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1952 Theatre Catalog, 10th Edition, Page 264 (228)

1952 Theatre Catalog, 10th Edition
1952 Theatre Catalog
1952 Theatre Catalog, 10th Edition, Page 264
Page 264

1952 Theatre Catalog, 10th Edition, Page 264

Remodeling With Accent on the Focal Point

A Small Town Nebraska Exhibitor Tells How He ppModernized His House with a New Screen Front '

It has long been customary to surround the picture screen with masking frames of black, light-absorbing material to eliminate the fuzziness of the picture edges, to minimize the effect of mechanical vibration, and to prevent distracting reflections from the screen from striking auditorium frontal areas. In the early days of motion pictures, the low levels of screen illumination that the inefficient projection lighting of the time offered, and the poor sideto-center screen distribution which resulted, made advisable the use of such large areas of black screen masking. It was felt that the picture would appear brighter in contrast to dark surroundings.

Screen Masking Unsatisfactory

Dark screen masking is unscientific, and puts more strain on the eyes. Extensive tests made by optical societies and instrument companies indicate that the great majority of personsviewing a projected picture prefer that the area surrounding the screen be illuminated to-some degree. Most observers agreed that when the area surrounding the screen was illuminated so as to serve as a transitional space between the screen and the audience, fatigue from eyestrain was decreased considerably.

Maskless Screen Fron'l'

With the elimination of the old type black screen masking, the image seems to float in a field of light created by its own illumination.

This pleasing effect has been embodied in the new screen installation at the Avon, Elgin, Neb. Occupying the entire front field of vision of patrons, the new screen treatment permits a view from the front seats which is as easy on the eyes as was the view from the very middle of the auditorium with the old masking. The image is clearer, sharper, and does not appear distorted to persons seated in the front row next to the wall. The improvement is especially apparent when Technicolor pictures are shown, and beauty and contrasts never before attained lend striking realism to the projected image.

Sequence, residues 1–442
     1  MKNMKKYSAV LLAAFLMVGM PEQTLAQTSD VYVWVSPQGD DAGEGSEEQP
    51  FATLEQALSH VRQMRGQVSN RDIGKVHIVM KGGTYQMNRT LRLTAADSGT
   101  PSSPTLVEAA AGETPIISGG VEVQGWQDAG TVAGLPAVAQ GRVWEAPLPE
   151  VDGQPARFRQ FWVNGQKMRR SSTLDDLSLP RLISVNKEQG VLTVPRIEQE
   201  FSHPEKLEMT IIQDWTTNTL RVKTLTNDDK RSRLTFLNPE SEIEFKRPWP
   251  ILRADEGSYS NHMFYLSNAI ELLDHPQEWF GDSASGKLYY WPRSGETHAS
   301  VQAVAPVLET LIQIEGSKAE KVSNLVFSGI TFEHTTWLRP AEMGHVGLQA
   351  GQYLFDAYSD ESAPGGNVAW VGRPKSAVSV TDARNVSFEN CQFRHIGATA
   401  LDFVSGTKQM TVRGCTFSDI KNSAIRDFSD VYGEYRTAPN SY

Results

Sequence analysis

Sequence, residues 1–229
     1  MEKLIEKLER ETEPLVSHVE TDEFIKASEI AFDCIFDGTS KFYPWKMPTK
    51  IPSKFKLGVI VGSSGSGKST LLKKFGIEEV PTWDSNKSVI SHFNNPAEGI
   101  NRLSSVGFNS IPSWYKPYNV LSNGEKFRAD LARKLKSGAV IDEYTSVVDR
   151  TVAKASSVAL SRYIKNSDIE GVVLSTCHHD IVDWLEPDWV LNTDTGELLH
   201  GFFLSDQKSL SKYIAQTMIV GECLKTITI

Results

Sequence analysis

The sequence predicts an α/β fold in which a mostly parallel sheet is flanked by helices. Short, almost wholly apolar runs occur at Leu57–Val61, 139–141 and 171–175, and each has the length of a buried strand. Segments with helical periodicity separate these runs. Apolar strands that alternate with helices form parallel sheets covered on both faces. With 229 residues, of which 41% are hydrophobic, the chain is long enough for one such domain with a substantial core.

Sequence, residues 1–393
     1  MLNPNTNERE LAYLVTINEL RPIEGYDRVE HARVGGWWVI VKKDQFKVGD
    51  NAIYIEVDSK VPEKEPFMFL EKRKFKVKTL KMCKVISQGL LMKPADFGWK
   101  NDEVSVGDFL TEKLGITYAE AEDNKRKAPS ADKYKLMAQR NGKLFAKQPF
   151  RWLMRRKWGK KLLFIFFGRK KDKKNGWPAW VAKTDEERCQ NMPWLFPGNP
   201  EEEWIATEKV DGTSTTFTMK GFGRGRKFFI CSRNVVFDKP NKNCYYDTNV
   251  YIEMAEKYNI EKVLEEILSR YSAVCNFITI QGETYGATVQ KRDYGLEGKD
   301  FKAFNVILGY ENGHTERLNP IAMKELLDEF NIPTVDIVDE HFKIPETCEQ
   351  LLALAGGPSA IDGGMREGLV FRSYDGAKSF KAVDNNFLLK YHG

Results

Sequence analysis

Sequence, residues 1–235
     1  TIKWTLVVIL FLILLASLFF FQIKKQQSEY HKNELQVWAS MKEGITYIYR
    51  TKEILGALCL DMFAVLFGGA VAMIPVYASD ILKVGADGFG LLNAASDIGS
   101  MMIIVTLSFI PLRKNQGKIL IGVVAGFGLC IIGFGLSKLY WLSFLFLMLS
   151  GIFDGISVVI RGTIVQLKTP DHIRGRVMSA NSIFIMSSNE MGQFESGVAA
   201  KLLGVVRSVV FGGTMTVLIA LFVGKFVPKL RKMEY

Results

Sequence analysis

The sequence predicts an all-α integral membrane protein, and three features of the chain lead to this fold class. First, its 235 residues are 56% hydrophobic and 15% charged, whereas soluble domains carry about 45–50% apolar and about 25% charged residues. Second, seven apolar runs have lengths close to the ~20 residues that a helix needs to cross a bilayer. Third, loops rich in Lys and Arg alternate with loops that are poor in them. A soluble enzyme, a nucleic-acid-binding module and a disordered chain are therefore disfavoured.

The effect of illumination surrounding the principal light source in lessons ing eyestrain was demonstrated to me many years ago in a Wyoming coal mine. The main shaft of the mine began at the bottom of a large hill and ran about 300 feet straight into the hill. While in this main shaft about 200 feet back, we stopped, turned out our lamps, and looked back at the entrance. The brilliant daylight at the entrance was hard to look at; it strained and seemed to pull our eyes, and the longer we looked, the harder the glare appeared. We lighted our lamps to con

By JOHN L. IRWIN Owner, Avon. Elgin. Neb.

BRIEF: The focal point of every theatre, the screen deserves prime consideration in any plans to modernize in accordance with latest scientific advances . . . By eliminating outmoded screen masking . . . and adding light-reflecting aprons to the top and sides of the screen . . . eye fatigue is lessened and the projected image appears sharper and brighter.

Cost of installing a new maskless screen front is small in relation to high quality projection it makes possible . . . At small theatres . . . where the remodeling budget is closely limited . . . an improved screen arrangenwnl is an effective, worthwhile innovation . . . which can give the house a new look . . . at small cost.


tinue our trip through the mine, and I then noticed that with the black coal walls illuminated, the light from the entrance was immediately softened and no longer hard on the eyes.

I nsl'alla'l'ion

Making use of the same principle to provide a more pleasing screen image, a new maskless screen front was installed at the Avon. The stage was removed, and the screen moved back about eight feet to the rear wall. Six twoby-fours, placed vertical from the main floor to the ceiling in a curved position from the screen to the side walls,

formed the framework for the curved screen aprons on each side of the auditorium. The framework was COVered with three sheets of Nu-Wood, each five-eighths of an inch thick by nine feet long, by four feet wide, running horizontal on the six upright two-byfours. A sheet of one-quarter-inch plywood, four feet wide, was used around the bottom of the stage and wings. The curved wing that runs horizontal across the top of the ceiling and the top of the screen was cut from one-inch pine planking, ten inches wide and 24 feet long. This piece was sawed at several points to make the curve, and the convex side was placed toward the auditorium. The bottom wing that runs across the bottom of the screen was made the same as the top wing, except that it has no curve on the outer end. Top and bottom wings were covered with quarterinch beaver board.

An emergency exit door formerly was in the center of the back wall. This was built into a speaker housing, and a new exit door was installed at the north end of the wall. The speaker housing projects out about three feet from the rear of the building, and with a foot-thick brick wall encasing it, is four feet in depth.

The whole screen front, from floor to ceiling, was painted a flat buff color. Light buff was chosen after trying a number of different colors. It was found that when that particular shade was used, the light reflected from the screen to the side aprons was softer, blending into the picture itself, and did not distract from the screen image.

THE SOFT ILLUMINATION in the area surrounding the Avon sereen is shown in this startling view taken from the rear of the darkened auditorium.

1952 Theatre Catalog, 10th Edition, Page 264